Anyway, Xup posted The 6 Most Annoying Things About Old People « XUP.  And, apparently, Xup was behind mom and I the last time we shopped.  I have to wonder, like every time I take her shopping actually (and I am talking about mom here and not XUP; no way am I driving to Canada to take XUP shopping.  I don’t even have a passport). 

So, I take mom shopping.  I have gotten smart enough now, to NOT do my own shopping at the same time.  I usually have a few items to get that are non-food, and then I go check on mom, who is by now, in the vegetable department, even though she started tooling down the aisle in her electric buggy, for the cooler.

“What do you need Mom?  Can I help you?”  I say, looking down in her cart to see eggs.

“I need milk.  It has to be lactaid–and don’t get that 1% stuff, I want whole milk.” 

“Okay, anything else?”

At which point she tears off the top section of her list, which is food that is all in that cooler section and hands it to me, apologizing for her handwriting, and then, as I walk away she adds, “I need vitamins too.”  Which would be fine if we were in Kroger’s but we are in WalMart and the vitamins are on the other side of the store.  ALLL the way on the other side of the store.

I come back with that lot of food and she is now almost back to the cooler section and tells me she now needs mushrooms; which is where we started.

We finally get to the checkout desk and she is tying her bags shut so that we can “tell them apart.”  Never mind that she did this when she lived with us, in the same house.  Never mind that I have a Chrysler Voyager and I put my stuff in the back and her stuff in the seat area behind the front seats.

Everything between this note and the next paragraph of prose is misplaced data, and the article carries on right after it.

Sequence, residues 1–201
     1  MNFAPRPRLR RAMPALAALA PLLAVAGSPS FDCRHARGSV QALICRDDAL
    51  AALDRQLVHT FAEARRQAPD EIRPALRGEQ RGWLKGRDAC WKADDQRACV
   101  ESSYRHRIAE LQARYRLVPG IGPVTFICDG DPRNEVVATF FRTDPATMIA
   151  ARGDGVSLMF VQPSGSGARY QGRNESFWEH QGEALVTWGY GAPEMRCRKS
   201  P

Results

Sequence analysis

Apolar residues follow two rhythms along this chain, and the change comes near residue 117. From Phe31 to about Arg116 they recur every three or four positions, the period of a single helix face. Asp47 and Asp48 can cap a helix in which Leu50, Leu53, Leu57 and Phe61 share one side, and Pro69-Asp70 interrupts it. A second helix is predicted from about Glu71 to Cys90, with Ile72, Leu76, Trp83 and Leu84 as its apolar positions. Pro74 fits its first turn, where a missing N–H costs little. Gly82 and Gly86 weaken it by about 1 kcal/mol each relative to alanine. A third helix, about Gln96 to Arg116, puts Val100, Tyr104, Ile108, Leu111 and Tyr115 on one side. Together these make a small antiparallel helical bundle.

She is also telling the girl not to pack so much in a bag because they will be too heavy for her to carry.  Never mind that she hasn’t taken her own groceries up to her apartment more than twice in three years; at least that I have taken her to the store.  I actually empty her bags out onto the counter for her.  But, I appreciate them not being too heavy.

If she has only bought a small item at the store, yes  XUP, she must pick through her coin purse for exact change, all the while apologizing to the clerk for her hand writing even though she isn’t writing anything.  She does this too for her debit card. 

And, just why is it that she enters a door and stops; right there, in the door.  Or waits for the elevator by standing in front of it?  Or waiting for me to open a door by standing in front of it?  The story that sticks out in my mind is coming out of the post office with two large boxes in hand and it is pouring rain and the car door is locked and she sits there watching me trying not to drop the boxes as I fumble for my keys, in the rain, with two boxes in hand and never thinks to pop the locks with the button.  But, dad always did that stuff.  Some day she may end up trapped in a car because she has no idea how to unlock the door.

But, I love her stories, even when I hear them three times a day.  Like you, I know I am looking at my future.